“Even after my divorces, love is still the center of my existence,” confirms Avalon. “Actually, my number one goal and priority is to value, honor, and love myself. Every day, I affirm this intention by looking into the mirror in the morning and saying with a smile, ‘I love you.’ Then, I show myself love with actions big and small, starting by luxuriating in a long, hot shower!”

   Build a routine that makes you feel good. Even if living as a hermit feels safer (and it might!), try to fill your days with activities you enjoy and that keep your mind occupied: walks around the neighborhood, worship services, trips to the dog park, drinks with friends, etc. This serves three purposes: Enjoyable activities lift your mood, keep you busy so you aren’t wallowing, and get you out of the house and into situations where you might meet new people. But even if you’d like to meet a new special someone, don’t avoid solo activities. If you want to reclaim your life after divorce, you must learn to be confident and comfortable on your own.

“After my second marriage ended, I made a special effort to discover life beyond being a wife,” recalls Avalon. “For me, a big part of that was exploring and enjoying the spectacular dining scene in Washington, D.C. At first, it was strange learning how to enjoy a meal alone. I got curious looks from maître d’s, waiters, and other diners. But over time, I began to dwell less on what other people were thinking and more on savoring each satisfying bite of my meals. Sounds simple, I know, but learning to enjoy a meal alone became a crucial survival tool that enabled me to reconnect with myself after a disappointing marriage.”

   Set a new goal, or get back into an old hobby. If and when you begin a new relationship, you don’t want to lose yourself in it. That’s why it’s helpful to start pursuing a personal goal now—something to keep you focused on your own priorities and interests. So think: Before immersing yourself in your relationship, what did you do for fun? Where did you find fulfillment? Return to those activities. Or start pursuing a new goal that’s been on the back burner.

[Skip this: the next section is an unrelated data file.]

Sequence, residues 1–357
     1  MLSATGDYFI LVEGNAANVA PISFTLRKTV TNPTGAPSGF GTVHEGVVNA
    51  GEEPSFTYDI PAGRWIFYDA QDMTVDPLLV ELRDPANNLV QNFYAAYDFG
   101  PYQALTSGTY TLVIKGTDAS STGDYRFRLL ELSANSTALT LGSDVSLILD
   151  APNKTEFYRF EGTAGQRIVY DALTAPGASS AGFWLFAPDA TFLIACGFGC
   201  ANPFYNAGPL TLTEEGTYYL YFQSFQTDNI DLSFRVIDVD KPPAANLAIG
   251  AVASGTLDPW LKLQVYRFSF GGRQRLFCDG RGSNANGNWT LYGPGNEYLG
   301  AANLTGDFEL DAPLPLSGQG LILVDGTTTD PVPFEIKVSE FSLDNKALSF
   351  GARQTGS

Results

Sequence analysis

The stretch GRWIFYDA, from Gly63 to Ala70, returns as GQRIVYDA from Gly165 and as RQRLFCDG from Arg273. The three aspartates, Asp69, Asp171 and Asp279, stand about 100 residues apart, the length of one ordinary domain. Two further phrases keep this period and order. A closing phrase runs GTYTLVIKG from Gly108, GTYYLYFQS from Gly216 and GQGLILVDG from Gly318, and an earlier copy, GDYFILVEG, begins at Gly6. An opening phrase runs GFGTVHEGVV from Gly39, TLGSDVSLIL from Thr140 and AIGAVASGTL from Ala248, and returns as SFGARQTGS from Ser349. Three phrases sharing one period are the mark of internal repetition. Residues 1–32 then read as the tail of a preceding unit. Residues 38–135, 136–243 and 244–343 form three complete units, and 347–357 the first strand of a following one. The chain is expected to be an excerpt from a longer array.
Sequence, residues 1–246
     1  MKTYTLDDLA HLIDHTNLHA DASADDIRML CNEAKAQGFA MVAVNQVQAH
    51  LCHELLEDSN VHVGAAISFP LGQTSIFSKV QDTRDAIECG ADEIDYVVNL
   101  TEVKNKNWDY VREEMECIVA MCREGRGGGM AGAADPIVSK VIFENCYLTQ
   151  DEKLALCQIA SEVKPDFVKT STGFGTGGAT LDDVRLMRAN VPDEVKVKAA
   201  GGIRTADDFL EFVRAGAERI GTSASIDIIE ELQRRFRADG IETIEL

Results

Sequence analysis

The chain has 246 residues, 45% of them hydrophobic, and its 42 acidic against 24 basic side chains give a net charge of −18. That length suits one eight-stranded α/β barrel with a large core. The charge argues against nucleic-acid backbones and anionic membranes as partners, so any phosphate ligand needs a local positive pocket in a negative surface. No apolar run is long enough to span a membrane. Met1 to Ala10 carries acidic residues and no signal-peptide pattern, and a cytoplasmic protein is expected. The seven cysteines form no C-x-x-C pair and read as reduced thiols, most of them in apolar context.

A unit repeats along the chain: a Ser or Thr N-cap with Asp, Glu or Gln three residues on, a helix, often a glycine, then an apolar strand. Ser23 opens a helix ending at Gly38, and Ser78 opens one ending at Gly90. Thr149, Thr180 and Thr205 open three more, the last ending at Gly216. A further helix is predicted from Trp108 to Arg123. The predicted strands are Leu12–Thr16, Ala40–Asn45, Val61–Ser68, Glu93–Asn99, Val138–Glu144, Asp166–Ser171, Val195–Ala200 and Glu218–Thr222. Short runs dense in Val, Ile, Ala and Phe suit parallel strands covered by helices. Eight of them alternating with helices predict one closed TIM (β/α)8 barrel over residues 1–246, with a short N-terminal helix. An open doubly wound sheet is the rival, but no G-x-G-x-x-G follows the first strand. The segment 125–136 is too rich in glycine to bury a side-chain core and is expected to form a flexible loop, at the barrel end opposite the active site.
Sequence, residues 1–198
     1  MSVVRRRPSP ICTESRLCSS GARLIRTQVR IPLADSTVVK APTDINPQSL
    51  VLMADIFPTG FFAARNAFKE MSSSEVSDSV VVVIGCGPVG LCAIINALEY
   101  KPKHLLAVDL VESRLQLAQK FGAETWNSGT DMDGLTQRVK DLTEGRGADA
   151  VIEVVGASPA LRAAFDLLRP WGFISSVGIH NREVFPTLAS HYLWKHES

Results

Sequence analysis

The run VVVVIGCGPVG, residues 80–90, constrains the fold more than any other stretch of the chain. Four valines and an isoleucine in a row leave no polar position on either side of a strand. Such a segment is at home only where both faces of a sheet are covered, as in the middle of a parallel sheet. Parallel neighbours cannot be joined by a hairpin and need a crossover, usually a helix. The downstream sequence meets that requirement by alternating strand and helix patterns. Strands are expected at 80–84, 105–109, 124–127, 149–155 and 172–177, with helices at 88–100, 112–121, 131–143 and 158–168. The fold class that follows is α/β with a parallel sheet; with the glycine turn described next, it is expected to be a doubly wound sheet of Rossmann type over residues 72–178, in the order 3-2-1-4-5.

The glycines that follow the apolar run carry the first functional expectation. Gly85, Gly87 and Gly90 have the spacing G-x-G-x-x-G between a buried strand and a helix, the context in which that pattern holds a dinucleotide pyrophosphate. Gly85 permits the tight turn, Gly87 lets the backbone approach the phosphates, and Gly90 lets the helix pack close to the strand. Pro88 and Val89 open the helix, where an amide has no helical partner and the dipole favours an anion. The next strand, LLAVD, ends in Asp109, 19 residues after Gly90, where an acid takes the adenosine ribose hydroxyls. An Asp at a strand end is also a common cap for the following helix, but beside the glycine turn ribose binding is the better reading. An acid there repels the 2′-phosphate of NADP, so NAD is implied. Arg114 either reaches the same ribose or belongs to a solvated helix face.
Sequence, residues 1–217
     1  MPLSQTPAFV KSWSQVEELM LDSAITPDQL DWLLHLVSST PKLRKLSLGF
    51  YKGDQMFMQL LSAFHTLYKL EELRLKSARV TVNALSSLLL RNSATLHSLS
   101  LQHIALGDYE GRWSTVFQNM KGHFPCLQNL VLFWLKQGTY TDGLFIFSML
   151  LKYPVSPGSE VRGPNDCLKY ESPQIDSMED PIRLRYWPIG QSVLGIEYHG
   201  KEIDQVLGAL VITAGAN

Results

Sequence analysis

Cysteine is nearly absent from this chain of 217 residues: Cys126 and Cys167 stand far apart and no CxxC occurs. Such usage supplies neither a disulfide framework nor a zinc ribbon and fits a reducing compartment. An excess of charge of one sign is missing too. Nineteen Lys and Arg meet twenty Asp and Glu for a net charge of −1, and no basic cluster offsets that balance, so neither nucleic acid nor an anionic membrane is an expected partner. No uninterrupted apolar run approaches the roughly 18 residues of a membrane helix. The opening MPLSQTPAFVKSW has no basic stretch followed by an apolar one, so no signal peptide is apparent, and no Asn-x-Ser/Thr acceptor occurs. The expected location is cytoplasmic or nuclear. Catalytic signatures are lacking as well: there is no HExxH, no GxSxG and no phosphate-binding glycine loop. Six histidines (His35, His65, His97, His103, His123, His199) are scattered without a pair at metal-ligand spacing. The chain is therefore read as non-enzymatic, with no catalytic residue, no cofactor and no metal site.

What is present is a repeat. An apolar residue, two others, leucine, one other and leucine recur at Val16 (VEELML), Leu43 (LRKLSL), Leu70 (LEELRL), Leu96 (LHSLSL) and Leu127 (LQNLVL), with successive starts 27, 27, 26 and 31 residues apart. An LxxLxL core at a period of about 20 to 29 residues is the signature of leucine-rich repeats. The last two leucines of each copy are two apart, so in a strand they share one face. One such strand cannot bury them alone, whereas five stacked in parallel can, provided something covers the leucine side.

“Pull out your flute or your art supplies,” urges Avalon. “Join a community softball team or hiking group. Sign up for a book club or cooking classes. Go back to school. Developing yourself is empowering and motivating, especially after you’ve just ended a relationship. One of the best decisions I ever made was applying to law school after my second divorce. Not only was I finally pursuing a goal I’d had for years; I was keeping myself moving forward and focused on the future, and I was strengthening my identity.”

   Remind yourself of success stories. If you’re like many individuals who have been through a divorce, you may find yourself looking at love in general with a jaundiced eye. Maybe I’ll meet some nice people, you think, but I’m not sure I really believe in “lifelong love” anymore. Perhaps you’ve even caught yourself thinking, The whole concept of love in general is a crock! I’m better off on my own. Be careful, warns Avalon. These thoughts can do more to isolate you and to promote unhealthy cynicism than they can to protect you.

“That’s why I suggest reminding yourself of success stories,” she comments. “Even though it might be uncomfortable at times, remind yourself of couples you know with great marriages. When my second marriage began to dissolve, I remember watching the couple who lived across from me in my apartment complex. They would come and go together, holding hands, laughing, smiling, and kissing. He treated her like she was a queen—even showing up in a limousine with roses to take her out one night! It was love as I had always envisioned it, and love as I still wanted it. While watching this couple was often painful, I give them credit for helping me maintain my faith in love at a vulnerable time in my life.”